Larvae of the northern Chilean scallop Argopecten purpuratus (Lamarck, 1819) can be produced in hatcheries in closed aquaculture systems (CAS), and then early juveniles transferred to the sea for further grow-out. A new scallop mass production method from larvae to early juveniles that applies recirculation aquaculture system (RAS) technology has been developed at Universidad Catolica del Norte. RASs might lose water by evaporation, which increases salinity. Water temperature will increase as well if it is not controlled. An experiment was performed to determine the effect of varying salinity and temperature over water quality parameters and scallop physiological processes. Feeding behavior of A. purpuratus was determined under CAS with daily water exchange for hatchery-produced juvenile scallops (mean shell height, 26.5 mm; SD, 1.9) reared at salinities of 34, 38, and 42 g/L, and temperatures at 16°C and 22°C. Weight-specific filtration rates (WFRs) were analyzed at day 12 and again at day 55. Scallops were fed Isochrysis galbana and Chaetoceros calcitrans (ratio, 1:1). Results shows that WFRs analyzed for a 24 h period had a tendency to be lower at 0 h than at 24 h, for both temperatures; WFRs were higher at 22°C than at 16°C. A significant positive regression was also found between final WFR and total ammonia nitrogen (both NH3-N and NH4 -N) levels. Results presented here should be interpreted with caution outside the shell height range of 26.5 ± 1.9 mm. These results are applicable to the management of A. purpuratus under controlled conditions, such as a RAS.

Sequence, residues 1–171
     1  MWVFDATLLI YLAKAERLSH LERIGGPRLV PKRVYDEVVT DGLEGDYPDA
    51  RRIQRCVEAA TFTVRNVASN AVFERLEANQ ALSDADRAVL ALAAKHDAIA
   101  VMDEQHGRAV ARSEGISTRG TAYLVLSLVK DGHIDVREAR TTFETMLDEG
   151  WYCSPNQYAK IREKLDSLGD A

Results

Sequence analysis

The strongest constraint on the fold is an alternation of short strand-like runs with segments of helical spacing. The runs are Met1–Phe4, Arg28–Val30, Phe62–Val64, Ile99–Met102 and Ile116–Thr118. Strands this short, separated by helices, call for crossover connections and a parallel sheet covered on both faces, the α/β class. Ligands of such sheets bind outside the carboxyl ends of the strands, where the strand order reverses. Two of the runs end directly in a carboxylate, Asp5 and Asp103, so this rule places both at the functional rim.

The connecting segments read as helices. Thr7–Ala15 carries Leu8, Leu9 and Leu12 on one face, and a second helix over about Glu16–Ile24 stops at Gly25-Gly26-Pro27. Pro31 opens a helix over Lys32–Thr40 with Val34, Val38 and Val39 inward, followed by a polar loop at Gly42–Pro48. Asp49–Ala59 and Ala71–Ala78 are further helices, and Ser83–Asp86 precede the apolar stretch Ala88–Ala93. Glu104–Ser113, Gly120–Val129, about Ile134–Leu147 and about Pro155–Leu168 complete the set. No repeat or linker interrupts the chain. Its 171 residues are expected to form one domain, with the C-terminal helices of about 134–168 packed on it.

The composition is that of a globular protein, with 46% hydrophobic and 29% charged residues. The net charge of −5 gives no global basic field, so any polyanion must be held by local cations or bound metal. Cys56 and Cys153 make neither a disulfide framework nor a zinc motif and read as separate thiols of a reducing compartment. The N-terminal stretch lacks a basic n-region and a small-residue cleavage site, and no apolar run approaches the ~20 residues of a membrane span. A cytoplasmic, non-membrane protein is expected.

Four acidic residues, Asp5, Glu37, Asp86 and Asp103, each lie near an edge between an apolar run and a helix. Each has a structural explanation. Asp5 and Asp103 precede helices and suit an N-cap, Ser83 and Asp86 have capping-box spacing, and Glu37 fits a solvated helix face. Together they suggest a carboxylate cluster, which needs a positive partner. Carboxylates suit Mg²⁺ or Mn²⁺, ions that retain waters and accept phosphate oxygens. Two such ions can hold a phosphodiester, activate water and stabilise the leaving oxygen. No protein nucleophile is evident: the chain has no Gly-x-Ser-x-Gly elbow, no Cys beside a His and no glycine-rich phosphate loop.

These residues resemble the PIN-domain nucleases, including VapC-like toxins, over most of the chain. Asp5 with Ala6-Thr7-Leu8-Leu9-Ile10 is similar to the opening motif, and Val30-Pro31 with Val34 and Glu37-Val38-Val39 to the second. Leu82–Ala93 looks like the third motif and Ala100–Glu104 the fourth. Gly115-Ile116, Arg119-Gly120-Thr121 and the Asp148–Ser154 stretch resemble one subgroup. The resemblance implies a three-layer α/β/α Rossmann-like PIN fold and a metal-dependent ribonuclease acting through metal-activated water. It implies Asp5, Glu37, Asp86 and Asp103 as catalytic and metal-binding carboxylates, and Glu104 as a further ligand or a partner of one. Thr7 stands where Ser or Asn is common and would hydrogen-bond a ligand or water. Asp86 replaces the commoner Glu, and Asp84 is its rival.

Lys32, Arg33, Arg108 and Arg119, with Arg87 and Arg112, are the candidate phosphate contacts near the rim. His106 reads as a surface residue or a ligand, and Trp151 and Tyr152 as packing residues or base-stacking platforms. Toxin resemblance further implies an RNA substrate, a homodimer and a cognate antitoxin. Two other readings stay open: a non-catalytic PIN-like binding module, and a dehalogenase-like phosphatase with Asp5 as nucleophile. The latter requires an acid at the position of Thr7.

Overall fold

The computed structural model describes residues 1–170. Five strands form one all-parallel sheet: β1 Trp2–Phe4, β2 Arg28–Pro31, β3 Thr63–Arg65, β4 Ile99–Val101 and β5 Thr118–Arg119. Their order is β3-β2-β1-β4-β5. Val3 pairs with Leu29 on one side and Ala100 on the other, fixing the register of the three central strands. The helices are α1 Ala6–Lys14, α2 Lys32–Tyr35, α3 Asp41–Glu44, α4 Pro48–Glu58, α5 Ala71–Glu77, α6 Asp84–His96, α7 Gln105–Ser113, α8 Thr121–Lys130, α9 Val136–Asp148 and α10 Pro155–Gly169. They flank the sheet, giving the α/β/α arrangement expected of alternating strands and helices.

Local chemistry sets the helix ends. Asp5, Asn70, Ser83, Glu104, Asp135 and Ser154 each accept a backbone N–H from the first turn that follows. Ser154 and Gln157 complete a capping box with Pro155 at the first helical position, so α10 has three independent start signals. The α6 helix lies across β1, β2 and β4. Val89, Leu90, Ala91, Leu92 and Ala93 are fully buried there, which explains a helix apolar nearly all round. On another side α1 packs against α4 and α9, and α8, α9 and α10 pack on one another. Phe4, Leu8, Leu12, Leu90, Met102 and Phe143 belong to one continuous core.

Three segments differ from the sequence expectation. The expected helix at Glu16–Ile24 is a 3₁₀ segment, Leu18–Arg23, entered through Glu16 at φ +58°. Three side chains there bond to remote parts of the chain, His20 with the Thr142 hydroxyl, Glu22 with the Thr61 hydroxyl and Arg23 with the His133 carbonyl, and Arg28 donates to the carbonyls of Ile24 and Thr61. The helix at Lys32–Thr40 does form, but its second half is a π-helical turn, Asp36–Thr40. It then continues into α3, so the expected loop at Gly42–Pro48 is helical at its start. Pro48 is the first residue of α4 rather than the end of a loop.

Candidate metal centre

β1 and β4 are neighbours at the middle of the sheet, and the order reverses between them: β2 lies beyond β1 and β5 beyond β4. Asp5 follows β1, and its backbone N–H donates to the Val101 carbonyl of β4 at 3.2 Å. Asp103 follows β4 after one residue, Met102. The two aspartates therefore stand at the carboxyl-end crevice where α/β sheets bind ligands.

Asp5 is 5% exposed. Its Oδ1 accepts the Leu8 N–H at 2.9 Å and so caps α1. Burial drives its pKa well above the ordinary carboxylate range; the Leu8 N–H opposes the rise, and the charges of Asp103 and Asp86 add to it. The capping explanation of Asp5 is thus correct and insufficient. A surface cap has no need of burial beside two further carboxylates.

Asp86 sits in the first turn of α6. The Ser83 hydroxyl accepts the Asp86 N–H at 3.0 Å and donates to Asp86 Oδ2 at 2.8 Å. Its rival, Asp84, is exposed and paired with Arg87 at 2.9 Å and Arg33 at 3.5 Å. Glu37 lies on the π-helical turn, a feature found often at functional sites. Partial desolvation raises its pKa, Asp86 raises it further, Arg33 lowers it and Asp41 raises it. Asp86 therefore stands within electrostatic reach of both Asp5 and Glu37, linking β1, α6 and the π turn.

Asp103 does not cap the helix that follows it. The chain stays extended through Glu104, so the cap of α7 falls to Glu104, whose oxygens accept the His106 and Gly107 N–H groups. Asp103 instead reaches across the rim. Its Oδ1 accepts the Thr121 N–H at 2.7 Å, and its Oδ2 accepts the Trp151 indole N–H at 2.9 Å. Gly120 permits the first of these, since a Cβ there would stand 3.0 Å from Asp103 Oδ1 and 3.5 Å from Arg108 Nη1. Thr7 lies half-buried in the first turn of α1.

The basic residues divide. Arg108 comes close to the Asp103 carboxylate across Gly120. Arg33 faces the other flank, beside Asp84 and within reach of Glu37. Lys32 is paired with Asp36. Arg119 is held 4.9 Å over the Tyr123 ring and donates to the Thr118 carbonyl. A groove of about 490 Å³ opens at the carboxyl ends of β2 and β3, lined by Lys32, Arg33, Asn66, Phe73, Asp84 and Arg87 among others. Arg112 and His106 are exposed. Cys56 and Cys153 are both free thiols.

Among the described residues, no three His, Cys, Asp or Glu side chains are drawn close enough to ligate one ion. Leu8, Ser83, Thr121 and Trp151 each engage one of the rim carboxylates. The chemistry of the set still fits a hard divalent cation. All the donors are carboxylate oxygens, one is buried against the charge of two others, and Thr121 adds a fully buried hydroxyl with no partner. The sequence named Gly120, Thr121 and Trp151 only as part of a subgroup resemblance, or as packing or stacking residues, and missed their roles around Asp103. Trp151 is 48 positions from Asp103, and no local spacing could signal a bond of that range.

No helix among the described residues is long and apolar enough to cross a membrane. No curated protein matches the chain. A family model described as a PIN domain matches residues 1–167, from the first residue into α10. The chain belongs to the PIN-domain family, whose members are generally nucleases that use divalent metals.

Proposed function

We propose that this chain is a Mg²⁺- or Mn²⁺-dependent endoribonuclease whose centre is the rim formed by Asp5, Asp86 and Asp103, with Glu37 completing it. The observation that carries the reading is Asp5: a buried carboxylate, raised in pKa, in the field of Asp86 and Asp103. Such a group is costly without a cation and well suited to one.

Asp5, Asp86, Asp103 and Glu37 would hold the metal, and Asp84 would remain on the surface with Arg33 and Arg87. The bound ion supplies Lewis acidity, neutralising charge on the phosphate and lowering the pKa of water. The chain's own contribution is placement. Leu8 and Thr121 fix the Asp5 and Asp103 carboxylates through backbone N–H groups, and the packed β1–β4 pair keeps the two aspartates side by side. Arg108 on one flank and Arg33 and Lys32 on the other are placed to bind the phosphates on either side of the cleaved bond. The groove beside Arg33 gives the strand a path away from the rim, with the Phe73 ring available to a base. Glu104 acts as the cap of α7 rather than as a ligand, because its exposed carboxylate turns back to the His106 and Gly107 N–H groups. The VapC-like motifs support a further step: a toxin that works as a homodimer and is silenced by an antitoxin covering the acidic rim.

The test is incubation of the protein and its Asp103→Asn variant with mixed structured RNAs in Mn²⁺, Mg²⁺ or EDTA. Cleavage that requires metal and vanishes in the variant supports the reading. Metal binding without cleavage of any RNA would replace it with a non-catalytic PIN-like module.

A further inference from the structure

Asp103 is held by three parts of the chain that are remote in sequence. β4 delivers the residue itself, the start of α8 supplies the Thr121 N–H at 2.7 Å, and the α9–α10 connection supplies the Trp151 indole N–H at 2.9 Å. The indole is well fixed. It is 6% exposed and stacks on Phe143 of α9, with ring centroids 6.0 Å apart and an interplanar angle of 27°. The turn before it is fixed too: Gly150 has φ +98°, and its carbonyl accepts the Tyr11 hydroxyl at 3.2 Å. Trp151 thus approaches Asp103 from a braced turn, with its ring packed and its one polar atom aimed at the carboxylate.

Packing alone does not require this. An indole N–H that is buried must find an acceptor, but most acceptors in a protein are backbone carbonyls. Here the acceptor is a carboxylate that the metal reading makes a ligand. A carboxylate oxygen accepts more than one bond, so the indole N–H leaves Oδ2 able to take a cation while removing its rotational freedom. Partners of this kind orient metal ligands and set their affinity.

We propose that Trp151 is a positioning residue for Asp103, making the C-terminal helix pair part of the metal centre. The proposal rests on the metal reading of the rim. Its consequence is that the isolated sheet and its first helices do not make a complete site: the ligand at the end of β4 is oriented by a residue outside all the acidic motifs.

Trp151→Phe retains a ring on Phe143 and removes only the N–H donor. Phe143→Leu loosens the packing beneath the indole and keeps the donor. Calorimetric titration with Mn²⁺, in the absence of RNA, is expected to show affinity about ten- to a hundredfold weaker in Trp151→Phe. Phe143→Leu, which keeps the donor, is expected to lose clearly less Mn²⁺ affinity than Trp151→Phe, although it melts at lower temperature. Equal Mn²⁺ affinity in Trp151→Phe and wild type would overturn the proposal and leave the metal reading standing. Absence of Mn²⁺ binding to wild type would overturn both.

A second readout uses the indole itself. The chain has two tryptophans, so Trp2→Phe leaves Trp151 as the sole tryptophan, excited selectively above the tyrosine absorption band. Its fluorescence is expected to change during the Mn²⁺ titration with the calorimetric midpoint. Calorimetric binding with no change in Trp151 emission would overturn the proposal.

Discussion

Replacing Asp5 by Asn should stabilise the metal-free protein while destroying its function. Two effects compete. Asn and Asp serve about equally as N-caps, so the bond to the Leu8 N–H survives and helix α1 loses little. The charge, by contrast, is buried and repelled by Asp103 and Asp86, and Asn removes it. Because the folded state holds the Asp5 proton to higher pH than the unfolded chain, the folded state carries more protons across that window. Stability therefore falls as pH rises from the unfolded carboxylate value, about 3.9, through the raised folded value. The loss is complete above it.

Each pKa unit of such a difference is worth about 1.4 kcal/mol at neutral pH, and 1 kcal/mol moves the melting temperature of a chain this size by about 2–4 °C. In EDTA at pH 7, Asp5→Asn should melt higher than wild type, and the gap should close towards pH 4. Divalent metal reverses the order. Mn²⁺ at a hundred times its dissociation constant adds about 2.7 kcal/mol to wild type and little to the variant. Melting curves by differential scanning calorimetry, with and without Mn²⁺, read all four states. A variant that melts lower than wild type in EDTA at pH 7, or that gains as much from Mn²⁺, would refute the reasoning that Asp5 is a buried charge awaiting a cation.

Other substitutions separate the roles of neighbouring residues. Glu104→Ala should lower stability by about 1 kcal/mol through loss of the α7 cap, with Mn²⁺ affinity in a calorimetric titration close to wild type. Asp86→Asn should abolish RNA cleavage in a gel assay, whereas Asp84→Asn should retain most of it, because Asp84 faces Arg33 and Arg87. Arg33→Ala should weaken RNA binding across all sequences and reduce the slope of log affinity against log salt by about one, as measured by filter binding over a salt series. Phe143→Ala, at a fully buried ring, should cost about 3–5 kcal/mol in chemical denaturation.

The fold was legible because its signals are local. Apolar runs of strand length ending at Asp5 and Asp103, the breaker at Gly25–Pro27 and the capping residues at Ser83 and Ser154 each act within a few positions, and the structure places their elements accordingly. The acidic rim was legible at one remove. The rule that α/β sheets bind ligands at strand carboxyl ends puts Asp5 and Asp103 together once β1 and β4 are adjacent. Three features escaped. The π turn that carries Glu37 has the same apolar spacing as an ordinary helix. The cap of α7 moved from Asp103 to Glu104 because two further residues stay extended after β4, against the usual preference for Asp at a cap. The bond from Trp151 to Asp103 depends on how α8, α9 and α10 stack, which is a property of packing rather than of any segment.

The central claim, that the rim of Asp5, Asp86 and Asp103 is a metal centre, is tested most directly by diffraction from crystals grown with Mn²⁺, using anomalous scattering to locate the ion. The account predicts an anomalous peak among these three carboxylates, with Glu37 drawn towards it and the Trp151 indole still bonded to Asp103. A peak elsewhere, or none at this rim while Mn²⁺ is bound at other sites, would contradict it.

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Vol. 30 • No. 2